Acoustical Theory of Vowel Modification Strategies in Belting

Christian T. Herbst, Brad H. Story, David Meyer

Research output: Contribution to journalArticlepeer-review

1 Scopus citations


Various authors have argued that belting is to be produced by “speech-like” sounds, with the first and second supraglottic vocal tract resonances (fR1 and fR2) at frequencies of the vowels determined by the lyrics to be sung. Acoustically, the hallmark of belting has been identified as a dominant second harmonic, possibly enhanced by first resonance tuning (fR1≈2fo). It is not clear how both these concepts – (a) phonating with “speech-like,” unmodified vowels; and (b) producing a belting sound with a dominant second harmonic, typically enhanced by fR1 – can be upheld when singing across a singer's entire musical pitch range. For instance, anecdotal reports from pedagogues suggest that vowels with a low fR1, such as [i] or [u], might have to be modified considerably (by raising fR1) in order to phonate at higher pitches. These issues were systematically addressed in silico with respect to treble singing, using a linear source-filter voice production model. The dominant harmonic of the radiated spectrum was assessed in 12987 simulations, covering a parameter space of 37 fundamental frequencies (fo) across the musical pitch range from C3 to C6; 27 voice source spectral slope settings from −4 to −30 dB/octave; computed for 13 different IPA vowels. The results suggest that, for most unmodified vowels, the stereotypical belting sound characteristics with a dominant second harmonic can only be produced over a pitch range of about a musical fifth, centered at fo≈0.5fR1. In the [ɔ] and [ɑ] vowels, that range is extended to an octave, supported by a low second resonance. Data aggregation – considering the relative prevalence of vowels in American English – suggests that, historically, belting with fR1≈2fo was derived from speech, and that songs with an extended musical pitch range likely demand considerable vowel modification. We thus argue that – on acoustical grounds – the pedagogical commandment for belting with unmodified, “speech-like” vowels can not always be fulfilled.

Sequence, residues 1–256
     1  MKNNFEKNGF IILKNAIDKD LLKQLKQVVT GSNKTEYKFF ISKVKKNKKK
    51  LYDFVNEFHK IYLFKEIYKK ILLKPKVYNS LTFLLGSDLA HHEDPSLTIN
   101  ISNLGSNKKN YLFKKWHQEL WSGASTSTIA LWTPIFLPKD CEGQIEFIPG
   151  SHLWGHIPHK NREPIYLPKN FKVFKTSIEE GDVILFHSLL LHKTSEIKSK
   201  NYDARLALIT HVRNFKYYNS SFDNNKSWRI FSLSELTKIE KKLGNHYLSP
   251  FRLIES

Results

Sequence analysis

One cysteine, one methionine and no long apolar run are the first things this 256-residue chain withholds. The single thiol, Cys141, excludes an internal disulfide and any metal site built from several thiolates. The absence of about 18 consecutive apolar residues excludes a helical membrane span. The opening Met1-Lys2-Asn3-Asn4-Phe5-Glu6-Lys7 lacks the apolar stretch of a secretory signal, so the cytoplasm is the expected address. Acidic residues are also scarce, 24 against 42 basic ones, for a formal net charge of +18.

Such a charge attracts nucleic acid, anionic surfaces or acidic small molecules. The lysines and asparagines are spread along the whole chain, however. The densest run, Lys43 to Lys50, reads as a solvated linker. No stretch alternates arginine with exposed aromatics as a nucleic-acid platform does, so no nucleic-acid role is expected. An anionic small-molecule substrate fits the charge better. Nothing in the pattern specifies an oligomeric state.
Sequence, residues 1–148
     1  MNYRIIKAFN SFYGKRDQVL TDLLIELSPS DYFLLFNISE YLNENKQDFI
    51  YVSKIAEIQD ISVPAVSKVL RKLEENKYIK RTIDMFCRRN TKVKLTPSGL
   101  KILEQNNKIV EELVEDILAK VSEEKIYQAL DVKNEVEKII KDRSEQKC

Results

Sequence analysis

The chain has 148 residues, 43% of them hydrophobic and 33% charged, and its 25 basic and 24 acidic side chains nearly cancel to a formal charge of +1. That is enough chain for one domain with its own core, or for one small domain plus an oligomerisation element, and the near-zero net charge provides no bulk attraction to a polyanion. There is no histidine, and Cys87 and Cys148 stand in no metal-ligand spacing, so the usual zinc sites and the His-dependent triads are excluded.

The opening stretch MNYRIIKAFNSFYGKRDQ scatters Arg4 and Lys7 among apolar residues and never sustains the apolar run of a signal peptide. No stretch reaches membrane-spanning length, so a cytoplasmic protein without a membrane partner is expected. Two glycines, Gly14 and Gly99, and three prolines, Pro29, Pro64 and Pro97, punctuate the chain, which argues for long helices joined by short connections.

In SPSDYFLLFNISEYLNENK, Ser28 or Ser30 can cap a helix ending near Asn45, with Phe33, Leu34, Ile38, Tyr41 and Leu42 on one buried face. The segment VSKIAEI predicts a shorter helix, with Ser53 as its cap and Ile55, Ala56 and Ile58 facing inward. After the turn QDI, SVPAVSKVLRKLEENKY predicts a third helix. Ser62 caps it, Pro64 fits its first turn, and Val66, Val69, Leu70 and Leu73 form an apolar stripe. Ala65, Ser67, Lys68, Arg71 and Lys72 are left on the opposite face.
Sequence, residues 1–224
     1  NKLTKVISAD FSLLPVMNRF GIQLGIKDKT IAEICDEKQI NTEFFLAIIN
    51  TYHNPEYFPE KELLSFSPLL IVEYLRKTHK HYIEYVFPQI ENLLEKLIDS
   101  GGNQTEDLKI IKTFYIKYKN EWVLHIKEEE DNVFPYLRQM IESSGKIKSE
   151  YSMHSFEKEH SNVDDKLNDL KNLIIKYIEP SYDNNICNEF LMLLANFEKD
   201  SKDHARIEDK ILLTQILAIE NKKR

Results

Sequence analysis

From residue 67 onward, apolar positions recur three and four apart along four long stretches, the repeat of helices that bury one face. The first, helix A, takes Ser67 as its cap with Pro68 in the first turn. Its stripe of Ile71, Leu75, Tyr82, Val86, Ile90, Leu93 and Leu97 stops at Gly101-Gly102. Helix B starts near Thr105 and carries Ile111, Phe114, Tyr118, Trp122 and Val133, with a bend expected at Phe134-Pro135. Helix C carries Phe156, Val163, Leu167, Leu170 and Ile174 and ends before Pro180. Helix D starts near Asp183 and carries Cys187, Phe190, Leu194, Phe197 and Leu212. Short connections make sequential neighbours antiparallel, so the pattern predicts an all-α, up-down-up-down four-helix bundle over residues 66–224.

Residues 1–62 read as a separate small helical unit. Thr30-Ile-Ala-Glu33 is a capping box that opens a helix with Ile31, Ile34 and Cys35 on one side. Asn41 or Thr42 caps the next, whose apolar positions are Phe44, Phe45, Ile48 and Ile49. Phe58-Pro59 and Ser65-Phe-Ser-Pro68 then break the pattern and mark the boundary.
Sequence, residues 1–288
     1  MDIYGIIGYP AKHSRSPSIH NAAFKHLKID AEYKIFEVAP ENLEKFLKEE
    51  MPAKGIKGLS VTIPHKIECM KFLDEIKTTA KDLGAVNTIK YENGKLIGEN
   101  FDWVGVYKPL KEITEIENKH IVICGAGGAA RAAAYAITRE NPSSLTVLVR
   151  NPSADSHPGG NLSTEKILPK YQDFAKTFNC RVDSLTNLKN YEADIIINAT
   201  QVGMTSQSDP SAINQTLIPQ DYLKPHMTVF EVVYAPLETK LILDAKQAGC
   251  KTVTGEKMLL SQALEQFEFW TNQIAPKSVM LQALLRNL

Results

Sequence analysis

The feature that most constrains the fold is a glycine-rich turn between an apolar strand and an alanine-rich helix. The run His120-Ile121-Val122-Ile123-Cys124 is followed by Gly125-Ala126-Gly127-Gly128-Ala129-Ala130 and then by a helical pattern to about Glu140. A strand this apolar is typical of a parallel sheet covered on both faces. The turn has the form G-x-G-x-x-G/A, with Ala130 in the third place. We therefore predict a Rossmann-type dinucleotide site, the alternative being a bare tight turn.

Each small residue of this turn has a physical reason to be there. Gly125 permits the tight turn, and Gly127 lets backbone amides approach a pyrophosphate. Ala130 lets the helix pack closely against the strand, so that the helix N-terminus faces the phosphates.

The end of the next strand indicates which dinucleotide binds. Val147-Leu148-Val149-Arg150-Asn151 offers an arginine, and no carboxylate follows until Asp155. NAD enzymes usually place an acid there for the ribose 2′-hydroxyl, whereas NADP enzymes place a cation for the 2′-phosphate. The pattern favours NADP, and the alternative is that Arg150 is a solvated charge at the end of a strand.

Original languageEnglish (US)
JournalJournal of Voice
StateAccepted/In press - 2023


  • Belt
  • Broadway
  • CCM
  • Formant tuning
  • Formants vs. resonances
  • Resonance tuning
  • Singing
  • Source filter theory

ASJC Scopus subject areas

  • Otorhinolaryngology
  • Speech and Hearing
  • LPN and LVN


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